When several game developers release their engines under FLOSS licenses, this means that code reuse is possible on a much larger scale than when everyone keeps their own game engines to themselves. This makes it possible for faster and easier game development by all FLOSS game developers.

Easy Cross-Platform Compatibility (if you use the right libraries)

One major weakness of proprietary software games is they will only run on platforms you specifically support.

With FLOSS games, you don't need to worry about it; just provide binaries for some popular platforms and users of all the other platforms will do just fine compiling the source code themselves.

Volunteers May Help (though they probably won't)

It is popularly claimed that releasing a program as FLOSS will cause a lot of people to come over and fix bugs. In fact, this is false most of the time, but one thing that is certainly true is that it is possible for volunteers to contribute to a FLOSS game, and some may do so if the game is sufficiently popular.


I can think of three major counter-arguments against the use of FLOSS game engines:

"If I release the game engine as FLOSS, someone is just going to easily make their own game data and outcompete me."

In fact, for most games, making a whole new scenario is hard work, and most people just can't be bothered to do it. Take Freedoom, for instance; Freedoom is a project that has been in development for much more than five years as of 2013, and yet it is still in alpha. This can be attributed to a combination of lack of interest (everyone wants to play Doom or Doom II, not Freedoom) and the amount of work that needs to be put in for it to be done.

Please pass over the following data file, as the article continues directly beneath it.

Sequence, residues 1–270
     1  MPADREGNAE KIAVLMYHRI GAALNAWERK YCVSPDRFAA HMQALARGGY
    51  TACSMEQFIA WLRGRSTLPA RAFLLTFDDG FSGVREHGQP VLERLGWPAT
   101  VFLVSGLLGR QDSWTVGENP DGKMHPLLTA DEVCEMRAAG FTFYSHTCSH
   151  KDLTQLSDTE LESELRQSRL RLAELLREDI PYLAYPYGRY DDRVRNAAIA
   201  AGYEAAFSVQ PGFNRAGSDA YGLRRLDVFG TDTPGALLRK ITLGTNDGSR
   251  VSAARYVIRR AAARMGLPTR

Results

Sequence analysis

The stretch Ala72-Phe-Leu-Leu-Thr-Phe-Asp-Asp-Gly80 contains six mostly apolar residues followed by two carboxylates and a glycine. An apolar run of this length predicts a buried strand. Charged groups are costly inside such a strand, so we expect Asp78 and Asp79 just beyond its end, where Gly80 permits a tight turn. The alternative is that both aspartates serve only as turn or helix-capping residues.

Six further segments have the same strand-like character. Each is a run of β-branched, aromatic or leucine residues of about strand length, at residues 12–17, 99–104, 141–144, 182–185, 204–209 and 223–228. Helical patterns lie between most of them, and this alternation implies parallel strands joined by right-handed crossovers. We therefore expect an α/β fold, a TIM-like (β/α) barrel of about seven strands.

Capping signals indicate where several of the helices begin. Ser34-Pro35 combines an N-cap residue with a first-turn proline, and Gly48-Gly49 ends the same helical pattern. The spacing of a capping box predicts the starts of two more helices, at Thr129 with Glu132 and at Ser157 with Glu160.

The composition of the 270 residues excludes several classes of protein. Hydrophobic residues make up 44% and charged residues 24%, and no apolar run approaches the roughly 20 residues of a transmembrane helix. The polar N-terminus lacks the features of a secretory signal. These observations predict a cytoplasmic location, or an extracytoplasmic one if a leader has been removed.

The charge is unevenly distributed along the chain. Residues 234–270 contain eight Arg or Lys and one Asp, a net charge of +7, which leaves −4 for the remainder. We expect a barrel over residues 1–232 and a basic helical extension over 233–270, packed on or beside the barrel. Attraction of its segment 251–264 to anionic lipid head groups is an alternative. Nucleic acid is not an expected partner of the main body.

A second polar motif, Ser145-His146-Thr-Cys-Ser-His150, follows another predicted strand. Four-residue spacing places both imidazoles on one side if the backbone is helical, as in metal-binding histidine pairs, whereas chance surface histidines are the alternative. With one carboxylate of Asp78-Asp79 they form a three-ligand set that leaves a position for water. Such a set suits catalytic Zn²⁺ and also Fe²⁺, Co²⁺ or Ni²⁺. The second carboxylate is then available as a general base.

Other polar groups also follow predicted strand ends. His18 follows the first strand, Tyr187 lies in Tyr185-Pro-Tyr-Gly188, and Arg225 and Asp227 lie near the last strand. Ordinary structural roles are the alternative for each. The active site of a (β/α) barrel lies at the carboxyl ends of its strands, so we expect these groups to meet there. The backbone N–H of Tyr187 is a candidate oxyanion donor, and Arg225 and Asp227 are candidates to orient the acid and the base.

This contention is true enough for some games; Minecraft, for example, doesn't have any creative scenario to speak of (the scenario is entirely randomly generated), and in fact there are already suitable replacements for the art assets of Minecraft in a FLOSS clone, Minetest. But most games are not like Minecraft; most games have a significant enough scenario that any free replacement for it is not likely to cause a loss of profit.

"I won't be able to benefit from other people's engines, but other people will be able to benefit from mine without giving anything back to me."

This would be true if you released your game engines under permissive licenses, such as the Expat License (often ambiguously called the "MIT License"). But fortunately, this is not the only option. The thought of proprietary software benefiting from his work freely, giving them an unfair advantage, was the very reason Richard Stallman pioneered the concept of copyleft, which ensures that anyone who uses the FLOSS code in question does not do this. The most popular copyleft license, and the best choice in most cases, is the GNU General Public License.

"I don't want to share my source code because I think it's art (or some other similar reason)."

To be frank, I think this is as delusional as claiming that a DVD player is art because it's playing a wonderfully artistic movie.

Most game engines simply are not art. They are simply an interface to allow players to play the game. It's the actual game, the scenario, which is art.

If there is no scenario to speak of in the game, that doesn't make the game engine art, either. It rather makes the game more analogous to a simple toy than a DVD player playing a movie. Much like simple toys, such simple games don't tend to qualify as art.